This principle is easiest to see if we look at shifting taxes off of buildings and onto land. Taxes levied against a building are part of the annual cost of that building. That is money that cannot be part of the finance cost of the building; this means, in effect, that the builder can’t afford to build as big a building as she could were there no tax. Smaller buildings means less rentable space, less income, and therefore lower demand for land. If the tax is shifted from the building to the land, a given value/quality of building is now less expensive than before. This means demand for land increases. Another implication of this is that if taxes on buildings are decreased, the tax base is not lost; it is shifted to land value, where it can be efficiently and economically collected. (Also, shifting the tax to land values would increase the cost of holding land for speculation. This would stimulate more construction, further increasing economic activity and demand for land in that area.)
This principle applies (in reverse) to other forms of taxation as well. Two well-known examples are wage taxes, and sales taxes. A municipal income tax decreases the income that workers have left to pay rents, thus decreasing the demand for land in those cities. The Federal income tax, of course, also lowers demand for goods and services, imposing a deadweight loss on the economy. Sales taxes are well-known for depressing local economic activity — so much so that some cities offer annual “sales tax holiday weeks,” during which business booms in local stores. Were these tax burdens reduced or eliminated, demand for land, and land rents, would correspondingly increase.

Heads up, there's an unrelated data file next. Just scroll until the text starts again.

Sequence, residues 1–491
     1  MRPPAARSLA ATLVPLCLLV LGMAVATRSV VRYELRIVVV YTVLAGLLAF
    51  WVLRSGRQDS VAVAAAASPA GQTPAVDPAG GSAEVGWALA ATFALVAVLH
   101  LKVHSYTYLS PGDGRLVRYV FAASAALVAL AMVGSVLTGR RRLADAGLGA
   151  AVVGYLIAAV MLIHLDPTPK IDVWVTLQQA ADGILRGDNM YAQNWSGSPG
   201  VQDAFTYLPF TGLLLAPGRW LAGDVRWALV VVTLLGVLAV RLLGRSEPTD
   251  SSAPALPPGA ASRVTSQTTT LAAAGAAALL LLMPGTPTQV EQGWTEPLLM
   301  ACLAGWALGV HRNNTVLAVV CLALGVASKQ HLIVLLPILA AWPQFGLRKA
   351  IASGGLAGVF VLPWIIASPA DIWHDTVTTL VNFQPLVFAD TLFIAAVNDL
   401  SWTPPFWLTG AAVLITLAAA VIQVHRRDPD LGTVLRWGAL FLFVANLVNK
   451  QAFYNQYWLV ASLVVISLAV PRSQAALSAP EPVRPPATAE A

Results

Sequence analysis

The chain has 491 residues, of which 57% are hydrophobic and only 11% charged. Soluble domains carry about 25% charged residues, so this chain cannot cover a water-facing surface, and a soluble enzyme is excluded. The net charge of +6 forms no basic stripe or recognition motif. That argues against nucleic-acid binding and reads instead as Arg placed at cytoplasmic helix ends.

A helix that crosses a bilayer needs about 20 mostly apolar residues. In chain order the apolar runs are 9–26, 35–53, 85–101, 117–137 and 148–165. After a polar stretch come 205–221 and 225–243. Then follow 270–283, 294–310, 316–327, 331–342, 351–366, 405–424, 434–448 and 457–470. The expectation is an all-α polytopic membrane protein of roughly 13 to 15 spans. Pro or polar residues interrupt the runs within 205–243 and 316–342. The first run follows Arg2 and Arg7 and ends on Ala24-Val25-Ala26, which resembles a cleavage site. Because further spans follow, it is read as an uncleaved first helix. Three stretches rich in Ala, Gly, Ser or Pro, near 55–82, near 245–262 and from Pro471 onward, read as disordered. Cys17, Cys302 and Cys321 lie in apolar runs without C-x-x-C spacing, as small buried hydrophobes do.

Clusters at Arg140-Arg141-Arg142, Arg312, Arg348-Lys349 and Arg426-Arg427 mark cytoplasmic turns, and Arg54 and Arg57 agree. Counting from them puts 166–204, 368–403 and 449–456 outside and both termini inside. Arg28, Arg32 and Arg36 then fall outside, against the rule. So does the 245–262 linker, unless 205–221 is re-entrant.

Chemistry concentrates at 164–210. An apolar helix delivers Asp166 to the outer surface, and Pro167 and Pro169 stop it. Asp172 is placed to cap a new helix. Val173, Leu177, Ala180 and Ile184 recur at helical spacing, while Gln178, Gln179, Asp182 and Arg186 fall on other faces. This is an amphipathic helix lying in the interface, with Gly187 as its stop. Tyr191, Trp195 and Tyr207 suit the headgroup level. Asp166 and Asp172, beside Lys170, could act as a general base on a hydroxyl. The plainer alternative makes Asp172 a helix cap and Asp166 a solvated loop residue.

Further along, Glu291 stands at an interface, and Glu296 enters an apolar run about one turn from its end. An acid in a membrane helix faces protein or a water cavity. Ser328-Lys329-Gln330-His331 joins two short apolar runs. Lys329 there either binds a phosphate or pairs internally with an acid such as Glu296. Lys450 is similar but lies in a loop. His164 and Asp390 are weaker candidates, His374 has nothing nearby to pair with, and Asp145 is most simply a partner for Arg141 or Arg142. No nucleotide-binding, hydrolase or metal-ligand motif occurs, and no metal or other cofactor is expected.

There are many good theoretical reasons why land rent — properly assessed and collected by the community — would comfortably cover all our public revenue needs. Many Georgists hold that there would be more than enough, and that a per-capita dividend could also be provided. Nevertheless, the question of “How much rent is there?” cannot yet be quantitatively answered. The data needed to determine aggregate national rent simply has not been collected (Dwyer’s data from Australia is the best we have). The Henry George Theorem at least supplies a firm theoretical model suggesting that land rents are sufficient for local revenue needs. However, it is important to realize that our current system of taxation depresses land rents. Were taxes on labor and capital to be replaced by public collection of rent, the level of aggregate rent (our prospective tax base) would be far higher than it is now.
It’s also worth pointing out that in a highly productive, full-employment economy, such as we can envision with Henry George’s remedy in effect, government would need less revenue than now. There would be far less demand for government to mop up a dysfunctional economy’s messes.